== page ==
A Calico Prologue is a tale of the many surprises which upset the Ivelliar family’s strict punctuality. In this short piece, the author masters several craft elements which adds to the success of the story. With the use of dialogue, description and well developed characters, the author guides the reader through Lily’s child birth journey.

The first sentence hooks the reader as well as foreshadows the number of surprises the family experiences throughout the story – the early labor pains, the news of twins. “I can’t have twins! I’m an Ivelliar! It’s too dangerous!” Mrs. Ivelliar said. Her statement alerts the reader of impending danger. Words like “snarl” used as one of Mrs. Ivellia’s dialogue tag early in the story and the description of the noise coming from the birthing area as “roars,” implies a change from human to animal. However, it isn’t quite clear when the change started.

In revisions, the author may want to consider making Mrs. Ivelliar’s change a bit clearer.

It was a pleasure reading this piece.

Plot Pacing

Comment Rating: 4.0

Azn_Slytherin rated this work:

Feb. 23, 2019, 5:01 a.m.

I really enjoyed reading your short story. You have a powerful entrance, and that really helps move the story along nicely!

Your poise throughout this narrative is very descriptive, and I could picture every moment! The characters each have their own personality and role in the story. However, I do have one comment about the setting! While I could picture every scene, I would just add a few more details to why the Ivelliar family is so prevalent to the story (ex. who are they? what does it mean to be an Ivelliar? Are they bad?)

Towards the ending, you wrapped it up very nicely! However, I was a little confused as to why the Duchess became a bear. I would just add a sentence or two about it! Other than that, fantastic read! Keep it coming!


Comment Rating: 4.0

Excellent Use of Voice - Eccentric and Interesting Read
haeun_logos rated this work:

March 1, 2019, 10:27 p.m.

I'm assuming that this piece feels a bit incomplete because it's written as a prologue to a larger body of work - hence, I'm not going to judge it as a short story, but as a piece accompanying something in the future.

You have an outstanding voice and your use of language, imagery, and metaphors are used well. For example, "The entire mansion breathed a sigh of relief..." I thought the personification of the house was quite nice. Perhaps it's because the Duchess is partially a white bear, but it reminds me a lot of His Dark Materials in a very good way - the pacing and the diction lend well to your plot and setting. It very much paints images in my mind, which is what I often look for when I read fiction.

The slight humor and evident touch of your personality really gives this piece a nice sheen than most fantasy and sci-fi, and for that I am glad.

Conflict is a little lacking, but again - it's because I'm assuming that this is a prologue to a larger body of work. You did a fantastic job with rising action and resolving it well.

One thing I would be wary of (especially in fantasy/sci-fi) is to keep clear what exactly you want to communicate through your characters (and I'm guessing through the twins later on). What makes the reader drawn toward them? What struggles (not kitschy or sentimental struggles) will they face that we will resonate with as well?

Well done! Very well done :) Can't wait to read the rest.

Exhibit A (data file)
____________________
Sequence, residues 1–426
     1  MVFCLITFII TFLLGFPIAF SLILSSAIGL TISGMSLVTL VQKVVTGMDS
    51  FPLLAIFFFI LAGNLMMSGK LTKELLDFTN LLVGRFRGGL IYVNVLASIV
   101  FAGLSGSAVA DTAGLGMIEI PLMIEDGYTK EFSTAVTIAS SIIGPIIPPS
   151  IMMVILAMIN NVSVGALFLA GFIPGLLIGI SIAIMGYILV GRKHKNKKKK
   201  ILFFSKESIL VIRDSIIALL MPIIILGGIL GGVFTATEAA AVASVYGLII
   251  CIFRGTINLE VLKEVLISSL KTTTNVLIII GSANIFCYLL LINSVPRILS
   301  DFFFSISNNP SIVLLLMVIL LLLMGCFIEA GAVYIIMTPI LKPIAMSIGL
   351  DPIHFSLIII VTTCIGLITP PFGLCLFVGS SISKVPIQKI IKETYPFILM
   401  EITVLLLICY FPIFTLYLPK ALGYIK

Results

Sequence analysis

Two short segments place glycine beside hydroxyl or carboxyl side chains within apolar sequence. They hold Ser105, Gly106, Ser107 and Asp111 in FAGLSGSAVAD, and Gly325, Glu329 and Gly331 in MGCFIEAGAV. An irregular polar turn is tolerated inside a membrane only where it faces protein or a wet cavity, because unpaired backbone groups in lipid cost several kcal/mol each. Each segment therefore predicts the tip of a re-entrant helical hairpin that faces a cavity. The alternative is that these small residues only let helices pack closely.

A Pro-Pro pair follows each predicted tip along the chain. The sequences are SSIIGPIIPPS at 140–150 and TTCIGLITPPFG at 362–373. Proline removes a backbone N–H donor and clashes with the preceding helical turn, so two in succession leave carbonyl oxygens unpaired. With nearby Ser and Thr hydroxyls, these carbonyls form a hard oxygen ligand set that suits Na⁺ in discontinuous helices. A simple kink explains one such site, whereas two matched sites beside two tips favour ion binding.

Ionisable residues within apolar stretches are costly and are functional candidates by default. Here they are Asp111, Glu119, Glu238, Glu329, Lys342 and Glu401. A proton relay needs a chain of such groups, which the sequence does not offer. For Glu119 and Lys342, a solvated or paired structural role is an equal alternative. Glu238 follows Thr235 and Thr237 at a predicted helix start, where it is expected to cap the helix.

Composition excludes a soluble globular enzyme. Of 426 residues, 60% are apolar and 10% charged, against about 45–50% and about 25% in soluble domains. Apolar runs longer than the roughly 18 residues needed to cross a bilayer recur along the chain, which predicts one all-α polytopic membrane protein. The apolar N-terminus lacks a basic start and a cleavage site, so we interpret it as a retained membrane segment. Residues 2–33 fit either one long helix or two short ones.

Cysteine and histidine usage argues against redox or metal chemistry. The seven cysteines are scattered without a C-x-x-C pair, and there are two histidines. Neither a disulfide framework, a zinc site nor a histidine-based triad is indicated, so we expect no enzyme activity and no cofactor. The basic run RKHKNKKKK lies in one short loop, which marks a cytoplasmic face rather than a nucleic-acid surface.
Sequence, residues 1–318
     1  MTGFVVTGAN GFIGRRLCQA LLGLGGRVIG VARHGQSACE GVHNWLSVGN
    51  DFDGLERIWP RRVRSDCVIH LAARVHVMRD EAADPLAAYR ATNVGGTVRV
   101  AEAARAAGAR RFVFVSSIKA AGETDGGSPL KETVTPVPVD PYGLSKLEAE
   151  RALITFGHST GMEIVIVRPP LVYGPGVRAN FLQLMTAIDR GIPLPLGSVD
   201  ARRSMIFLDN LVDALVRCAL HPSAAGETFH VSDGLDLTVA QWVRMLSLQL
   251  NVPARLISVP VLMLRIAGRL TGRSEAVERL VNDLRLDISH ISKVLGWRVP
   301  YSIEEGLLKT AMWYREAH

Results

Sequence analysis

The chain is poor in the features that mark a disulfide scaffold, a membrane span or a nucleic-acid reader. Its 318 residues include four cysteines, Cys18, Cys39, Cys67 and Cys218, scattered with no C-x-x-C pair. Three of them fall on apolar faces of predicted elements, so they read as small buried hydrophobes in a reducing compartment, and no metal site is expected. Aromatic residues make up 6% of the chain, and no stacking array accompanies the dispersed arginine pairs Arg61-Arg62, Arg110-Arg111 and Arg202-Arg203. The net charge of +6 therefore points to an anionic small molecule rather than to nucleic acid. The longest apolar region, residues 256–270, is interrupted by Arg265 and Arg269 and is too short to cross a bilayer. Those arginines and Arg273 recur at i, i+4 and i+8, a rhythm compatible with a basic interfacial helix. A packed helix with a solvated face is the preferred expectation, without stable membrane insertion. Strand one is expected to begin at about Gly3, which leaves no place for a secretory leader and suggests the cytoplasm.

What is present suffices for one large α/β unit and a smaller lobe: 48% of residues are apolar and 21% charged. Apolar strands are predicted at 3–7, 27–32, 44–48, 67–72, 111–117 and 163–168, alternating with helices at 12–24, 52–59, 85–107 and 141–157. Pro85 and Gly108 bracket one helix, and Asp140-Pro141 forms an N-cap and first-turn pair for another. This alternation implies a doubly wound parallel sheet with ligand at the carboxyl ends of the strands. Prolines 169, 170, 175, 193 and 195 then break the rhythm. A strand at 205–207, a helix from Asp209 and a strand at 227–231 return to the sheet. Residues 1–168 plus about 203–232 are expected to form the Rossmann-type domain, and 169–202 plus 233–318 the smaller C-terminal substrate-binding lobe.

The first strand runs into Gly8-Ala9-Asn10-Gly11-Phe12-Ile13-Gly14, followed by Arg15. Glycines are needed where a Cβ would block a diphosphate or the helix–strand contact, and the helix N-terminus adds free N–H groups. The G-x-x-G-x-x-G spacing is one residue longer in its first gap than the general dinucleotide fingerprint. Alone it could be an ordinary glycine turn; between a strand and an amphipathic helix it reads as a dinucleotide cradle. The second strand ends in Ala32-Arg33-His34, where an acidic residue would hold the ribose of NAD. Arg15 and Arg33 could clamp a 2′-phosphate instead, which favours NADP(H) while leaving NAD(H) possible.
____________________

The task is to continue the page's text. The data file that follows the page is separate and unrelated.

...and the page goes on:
Plot Setting Pacing Voice Show Don't Tell Dialogue Diction

Comment Rating: 4.0

Too short for readers to identify with your characters
authortessagray rated this work:

June 17, 2019, 2:26 p.m.

I had difficulty getting grounded with the characters. The handmaid would be fairly important, and it would have been nice to know her name and have one of your scenes be from her point of view. She could tell us what it was like to wait on the Duchess. If the handmaid had a name, I don't recall what it was.

When speaking to her husband, the Duchess replied, "You did this to me!" That sounds more like rape than the two of them conceiving a child (in this case, twin children) together. Maybe she could have said something to the effect, "I was a fool to let you talk me into this," or something less harsh. The rule of thumb is that the protagonist is generally likiable, and I had difficulty caring for the Duchess. Even though she's led a life of privilege, your job is to make readers sympathise with her--at least--a little. The ending felt abrupt and didn't really tie up all the lose ends.

Comment Rating: 3.0

Unexpected u-turn of a story!
Favarato rated this work:

June 21, 2019, 7:20 p.m.

The tense mood and tension set by the birth of the babies, twins in this case, will be quite identifiable to most readers. The setup and reactions made by the characters seem quite realistic mixed with a bit of fun at the same time. All the expected storyline comes to an abrupt ending once the children are born. Why it went in this direction I am not sure. There should have been some background or a hint of background to explain it.

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Enjoyable beginning
gamila.walrus rated this work:

March 21, 2020, 8:53 a.m.

I really enjoyed reading this story! You started the action in a good and interesting place. Sometimes I felt like the dialogue was a bit abrupt. Example: “You!” she roared at him. “You did this to me, you bastard!”
The duchess' emotions are all over the place which is understandable but I felt a little jerked around as a reader. I think small bits of description showing the Duchesses feelings could really strengthen this piece. There are several different ways you could emphasize her anger comes from fear and pain instead of making the Duchess seem like she's throwing a tantrum. You can add small concrete details that make us empathize with her instead of disliking her for shouting abruptly at everyone. You can describe her in pain in multiple ways or have her cradling her belly in a way that makes it clear she's worried about the children. It's okay that she's angry and impatient with everyone it's just helpful to write it in a way that allows the reader to empathize with those emotions better.